02 January, 2015

The Goals of Islamic Banking

The present-day world is experiencing a number of economic ills including poverty of a large proportion of mankind, social and economic injustice, gross inequalities of income and wealth, high rates of unemployment, economic instability, inflation and erosion of the real value of monetary assets. All these maladies, in spite of being in conflict with the value system of Islam, are as prevalent in the Muslim world as elsewhere. No doubt they have a number of root causes. However, the failure to provide a stable and just money and banking framework has been one of the major contributing factors. No economic system can sustain its health and vigour or contribute positively to the achievement of its socio-economic goals without the support of a same equitable money and banking system.

The philosophical underpinnings
The money and banking sector of any economic system does not operate in an ideological vacuum. It has its own philosophical background and objectives. Its institutions evolve gradually to perform the functions necessary for enabling the system to realize its basic goals and to perpetuate itself by surviving the recurring shocks of history. The capitalist money and banking system is also essentially an integral part of its parent ideology. It serves the objectives of capitalism.

There is nothing inherently wrong in borrowing institutions from other cultures, provided that they are reformed appropriately to serve the goals of the guest culture. The question is whether the capitalist money and banking system, gradually adopted by Muslim countries over the last two centuries, can be made to serve the goals of Islam instead of those of capitalism without any fundamental reform. The answer could be positive only if it is assumed that the goals of capitalism and Islam are the same or that the institutions constituting the capitalist money and banking system are ideologically neutral and do not help the system realize its ‘inherent’ objectives.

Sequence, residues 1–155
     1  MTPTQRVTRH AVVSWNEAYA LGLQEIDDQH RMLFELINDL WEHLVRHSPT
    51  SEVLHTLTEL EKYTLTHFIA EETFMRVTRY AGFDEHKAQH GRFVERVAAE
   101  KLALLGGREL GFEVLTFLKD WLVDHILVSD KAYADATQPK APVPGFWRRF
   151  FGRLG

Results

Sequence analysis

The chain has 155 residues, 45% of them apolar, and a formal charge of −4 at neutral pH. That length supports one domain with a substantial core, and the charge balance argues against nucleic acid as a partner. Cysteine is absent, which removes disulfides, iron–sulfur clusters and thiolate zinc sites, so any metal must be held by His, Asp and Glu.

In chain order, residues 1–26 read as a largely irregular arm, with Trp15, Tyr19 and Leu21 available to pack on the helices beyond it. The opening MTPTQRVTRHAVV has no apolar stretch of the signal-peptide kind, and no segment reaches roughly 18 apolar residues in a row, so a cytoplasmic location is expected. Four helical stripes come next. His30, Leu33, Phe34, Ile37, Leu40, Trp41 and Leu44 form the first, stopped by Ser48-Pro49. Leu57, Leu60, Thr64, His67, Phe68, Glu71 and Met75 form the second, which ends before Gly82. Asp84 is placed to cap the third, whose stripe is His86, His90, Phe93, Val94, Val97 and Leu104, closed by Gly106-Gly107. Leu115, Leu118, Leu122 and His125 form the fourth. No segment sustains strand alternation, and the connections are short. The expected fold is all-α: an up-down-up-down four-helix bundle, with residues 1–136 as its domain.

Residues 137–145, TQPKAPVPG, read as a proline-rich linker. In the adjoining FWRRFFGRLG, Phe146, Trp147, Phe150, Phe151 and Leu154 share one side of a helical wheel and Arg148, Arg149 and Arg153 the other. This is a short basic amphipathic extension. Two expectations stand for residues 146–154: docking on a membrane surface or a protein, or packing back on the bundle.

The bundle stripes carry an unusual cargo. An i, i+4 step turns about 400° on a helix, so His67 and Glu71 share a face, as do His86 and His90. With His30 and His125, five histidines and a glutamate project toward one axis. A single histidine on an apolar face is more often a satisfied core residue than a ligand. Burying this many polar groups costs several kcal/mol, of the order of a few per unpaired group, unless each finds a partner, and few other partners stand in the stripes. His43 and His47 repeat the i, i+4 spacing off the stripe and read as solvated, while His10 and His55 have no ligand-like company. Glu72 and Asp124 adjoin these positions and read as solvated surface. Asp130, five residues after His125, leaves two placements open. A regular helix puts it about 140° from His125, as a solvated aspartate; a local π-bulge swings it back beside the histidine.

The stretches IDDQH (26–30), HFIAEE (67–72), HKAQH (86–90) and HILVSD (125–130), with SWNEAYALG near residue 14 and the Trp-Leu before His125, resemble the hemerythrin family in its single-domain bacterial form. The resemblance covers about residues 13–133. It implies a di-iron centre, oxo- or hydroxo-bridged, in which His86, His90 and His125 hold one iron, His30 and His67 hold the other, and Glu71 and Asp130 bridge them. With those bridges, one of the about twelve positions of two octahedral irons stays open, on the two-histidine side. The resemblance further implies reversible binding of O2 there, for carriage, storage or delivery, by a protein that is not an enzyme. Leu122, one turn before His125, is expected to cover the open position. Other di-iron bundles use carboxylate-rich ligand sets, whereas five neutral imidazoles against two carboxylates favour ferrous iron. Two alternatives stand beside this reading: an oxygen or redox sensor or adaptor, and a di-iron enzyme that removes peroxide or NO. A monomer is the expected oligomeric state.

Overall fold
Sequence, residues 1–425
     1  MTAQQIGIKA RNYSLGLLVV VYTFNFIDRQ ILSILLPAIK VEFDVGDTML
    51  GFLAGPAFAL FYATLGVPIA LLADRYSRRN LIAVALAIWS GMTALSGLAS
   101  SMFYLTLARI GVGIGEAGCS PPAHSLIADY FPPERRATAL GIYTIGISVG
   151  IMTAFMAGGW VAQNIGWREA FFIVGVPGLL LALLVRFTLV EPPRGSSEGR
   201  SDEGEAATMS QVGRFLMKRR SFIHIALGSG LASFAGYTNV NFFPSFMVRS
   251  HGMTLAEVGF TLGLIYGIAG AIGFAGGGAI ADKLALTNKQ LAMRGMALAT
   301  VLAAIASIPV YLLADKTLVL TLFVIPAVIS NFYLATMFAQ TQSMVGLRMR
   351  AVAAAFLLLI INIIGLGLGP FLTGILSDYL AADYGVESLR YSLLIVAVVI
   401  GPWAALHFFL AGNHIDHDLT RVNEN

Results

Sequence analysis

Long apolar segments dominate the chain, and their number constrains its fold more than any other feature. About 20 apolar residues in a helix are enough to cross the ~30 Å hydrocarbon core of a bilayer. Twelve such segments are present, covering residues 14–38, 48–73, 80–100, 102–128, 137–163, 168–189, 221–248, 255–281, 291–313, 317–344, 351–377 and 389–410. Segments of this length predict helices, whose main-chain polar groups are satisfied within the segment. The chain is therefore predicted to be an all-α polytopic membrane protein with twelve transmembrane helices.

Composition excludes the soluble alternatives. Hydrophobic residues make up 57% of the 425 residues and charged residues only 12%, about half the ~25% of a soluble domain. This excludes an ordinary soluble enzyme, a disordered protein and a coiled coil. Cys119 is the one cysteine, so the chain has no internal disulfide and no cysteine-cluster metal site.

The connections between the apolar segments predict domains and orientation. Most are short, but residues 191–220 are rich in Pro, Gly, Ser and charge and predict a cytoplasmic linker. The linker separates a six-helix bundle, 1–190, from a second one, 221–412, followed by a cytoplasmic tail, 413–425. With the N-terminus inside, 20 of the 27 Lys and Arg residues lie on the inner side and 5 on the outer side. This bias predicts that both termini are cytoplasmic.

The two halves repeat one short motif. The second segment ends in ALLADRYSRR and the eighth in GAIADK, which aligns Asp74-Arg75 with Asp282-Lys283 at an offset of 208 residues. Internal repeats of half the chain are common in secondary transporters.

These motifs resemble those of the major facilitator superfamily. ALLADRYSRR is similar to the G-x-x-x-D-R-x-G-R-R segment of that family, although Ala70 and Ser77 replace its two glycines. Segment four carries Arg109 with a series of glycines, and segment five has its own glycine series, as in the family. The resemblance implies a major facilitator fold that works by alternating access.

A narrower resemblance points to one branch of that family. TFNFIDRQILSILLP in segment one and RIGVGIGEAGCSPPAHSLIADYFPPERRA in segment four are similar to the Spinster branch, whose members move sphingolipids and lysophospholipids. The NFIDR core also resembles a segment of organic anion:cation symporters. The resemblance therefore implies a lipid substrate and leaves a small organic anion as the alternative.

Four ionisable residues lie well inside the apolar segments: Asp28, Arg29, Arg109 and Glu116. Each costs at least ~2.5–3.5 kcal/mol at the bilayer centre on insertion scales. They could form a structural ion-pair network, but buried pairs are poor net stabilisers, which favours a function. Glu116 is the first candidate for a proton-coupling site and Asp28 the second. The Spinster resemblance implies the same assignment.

The GoalsThe money and banking system should, like other aspects of the Islamic way of life, not only contribute to the achievement of the major socio-economic goals of Islam but also perform the functions that relate to its own special field. The principal goals and functions are:
1. Broad-based economic well-being with full employment and optimum rate of economic growth;
2. Socio-economic justice and equitable distribution of income and wealth;
3. Stability in the value of money to enable the medium of exchange to be a reliable unit of account, a just standard of deferred payments, and stable store of value;
4. Generate adequate savings and mobilize these efficiently goals; and
5. Render effectively all services normally expected from the banking system.

It may be asked at this point whether the goals of Islam, as stated above, are not the same as those of capitalism. On the surface they may appear to be the same but in essence there is a fundamental difference arising from the differences in the roots of the two systems, the Islamic economic system is morally-based while capitalism is secularist and morally-neutral. The ensuing discussion should help to make this point clearer.

1) Broad-based economic well-being with full employment and optimum rate of economic growth: